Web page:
Skip to main content

Unfortunately we don't fully support your browser. If you have the option to, please upgrade to a newer version or use Mozilla Firefox, Microsoft Edge, Google Chrome, or Safari 14 or newer. If you are unable to, and need support, please send us your feedback.

Elsevier
Publish with us
Median Nerve
Nervous System

Median Nerve

Nervus medianus

Read more

Quick Facts

Origin: Lateral and medial cords of brachial plexus.

Course: In the arm and cubital fossa, it travels adjacent to the brachial artery. In the forearm, posterior to the flexor digitorum superficialis and anterior to the flexor digitorum profundus. Accompanied by anterior interosseous artery.

Branches: Muscular branches to pronator teres, flexor carpi radialis, palmaris longus, and flexor digitorum superficialis, vasomotor nerve to the brachial artery, articular branches to elbow and proximal radioulnar joint, anterior interosseous nerve, palmar cutaneous branches, medial and lateral divisions.

Supply: Sensory and motor innervation. Supplies the elbow, wrist, and intercarpal joints, the anterior muscles of the forearm, muscles of the digits, skin of the palm, thenar eminence.

Complete Anatomy
The world's most advanced 3D anatomy platform
Try it for Free

Origin

The median nerve arises from the union of nerve fibers in the lateral and medial cords of the brachial plexus, lateral to the axillary artery. Thus, it contains nerve fibers from the anterior rami of the fifth cervical to the first thoracic nerves (C5-T1).

Course

From its origin, it travels distally in the arm, adjacent to the brachial artery, where:

—in the upper part of the arm it lies lateral to the brachial artery;

—in the middle part of the arm it lies anterior to the brachial artery;

—in the lower part of the arm it lies medial to the brachial artery.

In the cubital fossa, the median nerve lies medial to the brachial artery, deep to the bicipital aponeurosis and anterior to brachialis. It leaves the cubital fossa by passing between the two heads of pronator teres. Here it crosses the ulnar artery (from medial to lateral side) from which it is separated by the deep head of pronator teres.

In the forearm, the median nerve crosses to the lateral side of the ulnar artery, from which it is separated by the deep head of pronator teres. It passes behind a tendinous bridge between the humeroulnar and radial heads of flexor digitorum superficialis and descends through the forearm posterior and adherent to flexor digitorum superficialis and anterior to flexor digitorum profundus. It is accompanied by the median branch of the anterior interosseous artery.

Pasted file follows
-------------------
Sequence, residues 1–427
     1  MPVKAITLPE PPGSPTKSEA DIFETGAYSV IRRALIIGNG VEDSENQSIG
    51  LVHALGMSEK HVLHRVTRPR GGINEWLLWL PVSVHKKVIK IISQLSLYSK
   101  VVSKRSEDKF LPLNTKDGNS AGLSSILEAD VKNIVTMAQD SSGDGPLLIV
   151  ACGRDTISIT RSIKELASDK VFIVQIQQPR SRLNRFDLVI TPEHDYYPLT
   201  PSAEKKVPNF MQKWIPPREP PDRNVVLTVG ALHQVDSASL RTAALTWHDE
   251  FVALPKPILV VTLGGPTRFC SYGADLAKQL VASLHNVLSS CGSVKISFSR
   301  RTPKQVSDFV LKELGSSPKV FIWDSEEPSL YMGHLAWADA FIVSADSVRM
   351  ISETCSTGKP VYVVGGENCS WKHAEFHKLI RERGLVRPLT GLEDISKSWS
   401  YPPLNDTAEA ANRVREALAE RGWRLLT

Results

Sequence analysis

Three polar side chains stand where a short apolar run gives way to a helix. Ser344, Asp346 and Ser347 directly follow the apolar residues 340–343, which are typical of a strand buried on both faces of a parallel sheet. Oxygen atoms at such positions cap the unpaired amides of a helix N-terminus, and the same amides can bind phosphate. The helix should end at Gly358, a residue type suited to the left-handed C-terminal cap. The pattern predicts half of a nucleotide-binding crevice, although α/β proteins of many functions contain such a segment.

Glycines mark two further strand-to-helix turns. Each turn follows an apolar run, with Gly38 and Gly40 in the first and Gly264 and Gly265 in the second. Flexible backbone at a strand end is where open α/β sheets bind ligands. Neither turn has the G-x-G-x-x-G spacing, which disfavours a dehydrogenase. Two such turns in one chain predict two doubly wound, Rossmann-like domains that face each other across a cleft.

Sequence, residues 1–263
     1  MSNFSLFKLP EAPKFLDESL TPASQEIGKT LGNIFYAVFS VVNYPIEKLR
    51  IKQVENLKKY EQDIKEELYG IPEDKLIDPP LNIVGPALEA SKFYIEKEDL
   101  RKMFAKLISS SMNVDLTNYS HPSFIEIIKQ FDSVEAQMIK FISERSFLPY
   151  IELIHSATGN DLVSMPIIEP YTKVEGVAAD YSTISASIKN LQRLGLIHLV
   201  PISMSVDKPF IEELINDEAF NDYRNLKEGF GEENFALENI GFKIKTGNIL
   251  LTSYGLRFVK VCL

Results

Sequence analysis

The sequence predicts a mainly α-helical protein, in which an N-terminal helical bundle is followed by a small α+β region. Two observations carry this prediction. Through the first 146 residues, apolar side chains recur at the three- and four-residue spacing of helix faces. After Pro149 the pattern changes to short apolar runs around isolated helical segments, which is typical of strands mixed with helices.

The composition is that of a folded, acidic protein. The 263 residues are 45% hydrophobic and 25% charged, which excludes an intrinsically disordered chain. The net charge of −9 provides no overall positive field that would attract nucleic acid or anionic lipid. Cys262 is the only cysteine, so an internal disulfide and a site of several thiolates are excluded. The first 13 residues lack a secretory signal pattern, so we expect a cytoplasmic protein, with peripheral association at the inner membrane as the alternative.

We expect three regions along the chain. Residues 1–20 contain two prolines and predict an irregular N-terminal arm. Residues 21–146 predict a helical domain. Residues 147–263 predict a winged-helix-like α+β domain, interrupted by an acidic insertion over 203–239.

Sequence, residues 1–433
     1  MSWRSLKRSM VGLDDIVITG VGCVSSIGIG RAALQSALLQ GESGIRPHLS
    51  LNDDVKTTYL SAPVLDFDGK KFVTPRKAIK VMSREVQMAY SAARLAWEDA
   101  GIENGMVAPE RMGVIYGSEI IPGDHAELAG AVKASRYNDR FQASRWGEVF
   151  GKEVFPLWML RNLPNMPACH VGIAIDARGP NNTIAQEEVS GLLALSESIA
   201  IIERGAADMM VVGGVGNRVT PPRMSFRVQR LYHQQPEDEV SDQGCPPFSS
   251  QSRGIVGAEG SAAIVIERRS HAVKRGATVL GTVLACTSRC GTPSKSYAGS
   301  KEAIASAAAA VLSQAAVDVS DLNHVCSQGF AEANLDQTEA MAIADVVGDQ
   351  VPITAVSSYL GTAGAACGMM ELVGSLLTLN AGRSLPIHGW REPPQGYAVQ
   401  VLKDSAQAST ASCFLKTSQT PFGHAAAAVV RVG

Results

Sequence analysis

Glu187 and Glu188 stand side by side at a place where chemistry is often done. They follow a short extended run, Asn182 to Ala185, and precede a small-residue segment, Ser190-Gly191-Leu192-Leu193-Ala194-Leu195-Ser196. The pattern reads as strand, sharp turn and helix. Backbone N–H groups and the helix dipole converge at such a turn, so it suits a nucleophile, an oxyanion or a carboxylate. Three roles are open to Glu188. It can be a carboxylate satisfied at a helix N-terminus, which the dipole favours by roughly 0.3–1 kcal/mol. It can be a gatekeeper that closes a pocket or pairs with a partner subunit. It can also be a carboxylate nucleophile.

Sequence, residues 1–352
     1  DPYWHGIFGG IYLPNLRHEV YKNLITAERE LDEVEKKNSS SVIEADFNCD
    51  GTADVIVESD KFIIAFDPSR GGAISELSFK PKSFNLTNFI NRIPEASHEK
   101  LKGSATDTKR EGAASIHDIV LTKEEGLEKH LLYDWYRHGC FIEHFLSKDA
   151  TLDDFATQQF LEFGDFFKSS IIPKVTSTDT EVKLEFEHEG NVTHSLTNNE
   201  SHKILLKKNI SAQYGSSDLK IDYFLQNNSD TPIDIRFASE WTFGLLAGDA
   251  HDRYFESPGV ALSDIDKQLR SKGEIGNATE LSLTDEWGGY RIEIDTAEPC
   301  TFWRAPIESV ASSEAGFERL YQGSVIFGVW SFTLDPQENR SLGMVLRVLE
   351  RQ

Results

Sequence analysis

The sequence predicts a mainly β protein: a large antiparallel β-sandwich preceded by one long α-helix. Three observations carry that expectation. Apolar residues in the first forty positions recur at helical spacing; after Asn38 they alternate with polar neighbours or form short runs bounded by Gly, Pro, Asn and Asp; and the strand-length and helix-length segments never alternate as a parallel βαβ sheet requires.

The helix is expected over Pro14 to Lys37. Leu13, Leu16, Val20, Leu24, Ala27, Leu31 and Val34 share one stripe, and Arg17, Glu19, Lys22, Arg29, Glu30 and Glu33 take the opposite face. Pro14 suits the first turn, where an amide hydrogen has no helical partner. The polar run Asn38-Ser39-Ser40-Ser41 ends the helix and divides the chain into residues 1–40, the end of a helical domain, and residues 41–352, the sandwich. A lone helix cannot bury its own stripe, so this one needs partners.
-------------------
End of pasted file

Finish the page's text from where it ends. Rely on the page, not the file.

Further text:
The median nerve enters the hand by passing through the carpal tunnel (i.e., deep to the flexor retinaculum) along with nine tendons (four each of flexor digitorum superficialis, flexor digitorum profundus, and flexor pollicis longus). Just after emerging from carpal tunnel it divides into lateral and medial divisions.

Branches

Along its course, the median nerve gives off multiple branches.

—In the arm, it gives off the nerve to pronator teres just above the elbow, the vasomotor nerve to the brachial artery, and an articular branch to the elbow joint at or just below the elbow.

—In the cubital fossa, it gives off muscular branches in the cubital fossa to pronator teres, flexor carpi radialis, palmaris longus, and flexor digitorum superficialis. It also gives off articular branches to the elbow and proximal radioulnar joint.

—In the forearm, it gives off the anterior interosseous nerve, as well as palmar cutaneous branches.

—In the hand, it ends by dividing into medial and lateral divisions, which in turn give off their own branches.

Supplied Structures

The median nerve is a mixed nerve, consisting of motor and sensory fibers.

Overall, the median nerve and its branches provide the nerve supply to the elbow, wrist, and intercarpal joints, the anterior muscles of the forearm, muscles of the digits, the skin of the palm, and the thenar eminence.

Learn more about this topic from other Elsevier products

Median Nerve: What Is It, Location, Innervation, Damage, and More

Osmosis image

The median nerve is a sensory and motor nerve of the arm (or upper limb)

Explore on Osmosis(opens in new tab/window)

Median Nerve

ScienceDirect image

The median nerve is an average of 22 mm away from the anteromedial portal (Lindenfeld, 1990).

Explore on ScienceDirect(opens in new tab/window)

Complete Anatomy

The world's most advanced 3D anatomy platform

Complete Anatomy